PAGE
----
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Are you gearing up for your kids’ summer break? We are already in the midst of ours. The days are longer, yet filled with so much more fun and giggles. Since I practically run a mini-preschool (not literally, but I have triplets so it’s a lot like a preschool!), I try to have planned activities for them on most days. The boys have finished a great year at preschool, and I’m trying my best to keep their little minds learning here at home on their break, as well. They especially enjoyed handprint and footprint art at preschool. They are also learning their letters. I decided to combine the two with a different handprint art activity for each letter of the alphabet. Plus, the boys love paint, and this is a great way to paint with a purpose!
Since we have been doing these activities at home, I’m sharing them with you as a part of a fun June series: Handprint the Alphabet (one fun handprint craft for each letter of the alphabet). I’ll kick off letter “A” tomorrow, but I wanted to start by sharing a few tips for great handprint art with kids.
Handprint art is fun but can be messy. Here are a few things to keep in mind.
-Always protect the surface under the paper. Yes, I know it’s just handprint art and, in a perfect world, should be minimally messy. But little hands always find a way to paint what they shouldn’t. I have a large piece of cardboard that I keep in the garage specifically for painting projects.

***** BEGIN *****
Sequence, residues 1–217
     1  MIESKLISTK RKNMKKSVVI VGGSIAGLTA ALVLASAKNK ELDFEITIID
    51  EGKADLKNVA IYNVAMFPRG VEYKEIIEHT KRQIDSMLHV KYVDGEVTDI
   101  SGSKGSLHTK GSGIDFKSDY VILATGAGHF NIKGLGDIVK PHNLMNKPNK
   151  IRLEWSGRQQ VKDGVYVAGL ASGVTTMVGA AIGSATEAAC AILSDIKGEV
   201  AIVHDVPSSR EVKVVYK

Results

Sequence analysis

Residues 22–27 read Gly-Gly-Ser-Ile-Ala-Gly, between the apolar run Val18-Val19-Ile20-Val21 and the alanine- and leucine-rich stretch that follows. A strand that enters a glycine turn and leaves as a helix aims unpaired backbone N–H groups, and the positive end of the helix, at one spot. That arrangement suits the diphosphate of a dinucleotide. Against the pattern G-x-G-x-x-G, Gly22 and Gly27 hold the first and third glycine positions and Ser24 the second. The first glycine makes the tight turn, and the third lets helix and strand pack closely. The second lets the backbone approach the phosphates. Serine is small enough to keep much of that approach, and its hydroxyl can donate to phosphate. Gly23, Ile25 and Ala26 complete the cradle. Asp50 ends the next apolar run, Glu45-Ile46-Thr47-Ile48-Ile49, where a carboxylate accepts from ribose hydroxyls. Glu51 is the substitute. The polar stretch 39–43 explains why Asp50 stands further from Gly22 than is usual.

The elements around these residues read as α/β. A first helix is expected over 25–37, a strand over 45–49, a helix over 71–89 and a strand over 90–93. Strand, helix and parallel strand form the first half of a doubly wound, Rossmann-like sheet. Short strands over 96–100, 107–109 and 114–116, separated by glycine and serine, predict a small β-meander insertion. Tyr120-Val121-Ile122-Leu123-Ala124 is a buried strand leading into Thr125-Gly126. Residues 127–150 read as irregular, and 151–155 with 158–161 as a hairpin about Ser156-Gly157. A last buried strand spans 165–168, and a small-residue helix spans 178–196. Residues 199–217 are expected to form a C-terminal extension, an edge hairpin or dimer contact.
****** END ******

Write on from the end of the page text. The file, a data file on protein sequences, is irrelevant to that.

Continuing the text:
-Use a paintbrush for applying paint to the hands. Do not dip the kiddo’s hand in the paint. Trust me on this one.
-For different shapes, paint only parts of the hand. You’ll see an example of this in tomorrow’s “A” handprint art.
-Choose a paper based on the purpose of the project. We use regular copy paper for simple, quick crafts. We pull out the card stock for keepsakes, grandparent gifts, or handprint art that will be framed.
-Invest in a good kid’s fingerpaint. This fingerpaint is my favorite! I’ve been using it since my daughter was little. The colors are vibrant and transfer well to any paper, yet it washes out of clothes and off of furniture easily.
-Different pressures result in different shapes in handprint art. For example, when doing finger prints, hard pressure will result in an oval and light pressure will result in a circle. Take a few minutes to experiment with your child and get a feel of what pressure leads to what shape.
-Remember to have fun! Not all kids like having their hands painted. Letting them free-paint first is sometimes a good way to transfer into a handprint art project.
Check back tomorrow as I officially launch the Handprint the Alphabet series for June! I hope you and your preschooler will join the boys and me as we paint our way through the summer.